# Lesson 7

Generalize Fraction Multiplication

## Warm-up: Notice and Wonder: Two Diagrams (10 minutes)

### Narrative

This Notice and Wonder asks students to consider 2 diagrams representing a shaded region with the same side lengths. The first diagram shows the unit square and the gridlines and the second diagram just shows the side lengths of the shaded region. This prepares students to transition from the gridded diagrams they have worked with in previous lessons to the diagrams they will work with in this lesson. In the activity synthesis, students discuss different equations that represent different ways of finding the area.

### Launch

• Groups of 2
• Display the image.
• “What do you notice? What do you wonder?”
• 1 minute: quiet think time

### Activity

• 1 minute: partner discussion
• Share and record responses.

### Student Facing

What do you notice? What do you wonder?

### Activity Synthesis

• “How do we know that the shaded regions have the same area?” ($$\frac{4}{5} \times \frac{2}{4} = \frac{8}{20}$$ and $$\frac{1}{2} \times \frac{4}{5} = \frac{4}{10}$$. $$\frac{8}{20} = \frac{4}{10}$$ or $$\frac{1}{2} = \frac{2}{4}$$, so they must be the same.)
• “How does the first diagram represent this equation: $$\frac{8}{20} = \frac{4}{10}$$?” (Each of the $$\frac{2}{20} = \frac{1}{10}$$.)

## Activity 1: Equations and Area (20 minutes)

### Narrative

The purpose of this activity is for students to find the area of rectangles with fractional side lengths where the scaffold of an area diagram is not provided. For the first product, the subdivision of each side into unit fractions is shown and then that is taken away. Without these divisions, students can either try to sketch them or use their understanding of how the numerator and denominator of the fractions relate to

• the total number of shaded pieces in an area diagram
• the total number of shaded pieces in the unit square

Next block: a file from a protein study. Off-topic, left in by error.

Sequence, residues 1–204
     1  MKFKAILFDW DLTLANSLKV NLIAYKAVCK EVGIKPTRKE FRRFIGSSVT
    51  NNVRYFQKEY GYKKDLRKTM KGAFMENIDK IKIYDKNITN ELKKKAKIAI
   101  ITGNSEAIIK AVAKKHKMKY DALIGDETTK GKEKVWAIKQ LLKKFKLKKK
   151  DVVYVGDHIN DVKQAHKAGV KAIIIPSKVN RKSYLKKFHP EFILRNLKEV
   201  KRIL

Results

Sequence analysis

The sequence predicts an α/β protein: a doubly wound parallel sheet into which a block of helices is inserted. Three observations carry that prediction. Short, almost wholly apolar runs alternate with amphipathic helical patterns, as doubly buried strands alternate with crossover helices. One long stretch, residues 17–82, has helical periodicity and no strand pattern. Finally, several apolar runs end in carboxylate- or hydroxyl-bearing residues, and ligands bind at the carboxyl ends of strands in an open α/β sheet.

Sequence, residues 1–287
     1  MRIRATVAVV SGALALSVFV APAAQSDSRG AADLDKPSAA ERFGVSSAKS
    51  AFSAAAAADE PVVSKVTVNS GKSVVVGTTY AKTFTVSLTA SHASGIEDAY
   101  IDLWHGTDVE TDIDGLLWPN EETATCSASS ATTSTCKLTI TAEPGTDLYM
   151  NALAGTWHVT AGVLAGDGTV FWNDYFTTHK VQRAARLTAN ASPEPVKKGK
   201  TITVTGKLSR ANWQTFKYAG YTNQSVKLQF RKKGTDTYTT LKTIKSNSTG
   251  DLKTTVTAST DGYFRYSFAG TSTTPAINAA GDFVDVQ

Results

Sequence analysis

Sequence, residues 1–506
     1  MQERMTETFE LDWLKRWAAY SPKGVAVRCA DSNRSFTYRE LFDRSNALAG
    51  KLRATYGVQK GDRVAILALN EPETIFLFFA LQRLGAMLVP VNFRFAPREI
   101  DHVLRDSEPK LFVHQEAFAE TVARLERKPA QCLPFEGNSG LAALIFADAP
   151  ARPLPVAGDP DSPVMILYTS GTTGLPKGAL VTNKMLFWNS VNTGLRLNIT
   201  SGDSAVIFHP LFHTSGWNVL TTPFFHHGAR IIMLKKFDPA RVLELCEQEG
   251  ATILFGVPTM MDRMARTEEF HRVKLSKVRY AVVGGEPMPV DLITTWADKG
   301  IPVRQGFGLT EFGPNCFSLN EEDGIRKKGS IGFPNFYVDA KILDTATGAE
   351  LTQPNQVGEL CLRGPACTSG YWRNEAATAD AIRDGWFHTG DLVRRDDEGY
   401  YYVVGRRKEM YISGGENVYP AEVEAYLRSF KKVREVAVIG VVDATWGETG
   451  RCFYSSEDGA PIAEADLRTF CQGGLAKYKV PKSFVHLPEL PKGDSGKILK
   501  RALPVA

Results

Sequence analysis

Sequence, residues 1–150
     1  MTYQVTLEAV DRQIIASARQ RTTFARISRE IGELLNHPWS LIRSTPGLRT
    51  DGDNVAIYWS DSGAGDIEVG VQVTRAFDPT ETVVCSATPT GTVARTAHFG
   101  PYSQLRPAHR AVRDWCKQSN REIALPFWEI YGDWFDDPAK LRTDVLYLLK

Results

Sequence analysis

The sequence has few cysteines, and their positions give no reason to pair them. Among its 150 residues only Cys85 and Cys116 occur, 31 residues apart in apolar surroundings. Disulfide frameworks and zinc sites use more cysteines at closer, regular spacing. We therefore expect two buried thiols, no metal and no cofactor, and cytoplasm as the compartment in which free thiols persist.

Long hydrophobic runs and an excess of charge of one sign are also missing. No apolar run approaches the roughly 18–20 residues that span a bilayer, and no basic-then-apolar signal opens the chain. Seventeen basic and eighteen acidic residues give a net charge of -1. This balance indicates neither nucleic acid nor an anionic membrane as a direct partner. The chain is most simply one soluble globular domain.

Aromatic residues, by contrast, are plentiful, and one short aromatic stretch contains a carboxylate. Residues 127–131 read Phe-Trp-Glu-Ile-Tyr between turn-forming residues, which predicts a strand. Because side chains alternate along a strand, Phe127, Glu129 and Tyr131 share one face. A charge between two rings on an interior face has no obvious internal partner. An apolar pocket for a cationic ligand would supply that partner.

When students find products of fractions without an area diagram for support, they rely on their understanding of the meaning of the numerator and denominator and the patterns they have repeatedly observed when finding these products with area diagrams (MP8).

### Launch

• Groups of 2
• “You are going to find some products of fractions. You will have a choice of using an area diagram to help you.”

### Activity

• 5–8 minutes: independent work time
• 2 minutes: partner discussion
• Monitor for students who:
• fill in the first diagram which shows the division into smaller pieces
• try to divide the second diagram into smaller pieces to show the product
• understand that drawing all of the pieces will be difficult for the third product

### Student Facing

1. Find the value of each product. Draw an area diagram if it is helpful.
1. $$\frac{2}{5} \times \frac{3}{4}$$

2. $$\frac{3}{7} \times \frac{4}{5}$$

3. $$\frac{9}{11} \times \frac{5}{8}$$

2. How did you decide whether or not to draw a diagram? How did the diagrams influence how you found the products?
3. Diego drew this diagram for the product $$\frac{9}{11} \times \frac{5}{8}$$. How can the diagram help Diego find the value of $$\frac{9}{11} \times \frac{5}{8}$$?

### Student Response

If students do not represent the unknown side length correctly or find the incorrect value for the area of the shaded region, consider asking: “What do you know about the shaded region? What are you still trying to find out?”

### Activity Synthesis

• Display expression: $$\frac{2}{5} \times \frac{3}{4}$$
• Invite students to share their calculations for $$\frac{2}{5} \times \frac{3}{4}$$.
• “Was the area diagram helpful?” (Yes, it helped me to visualize the product and understand why $$2 \times 3$$ is the total number of pieces and $$5 \times 4$$ is the number of those pieces in a whole.)
• Display expression: $$\frac{9}{11} \times \frac{5}{8}$$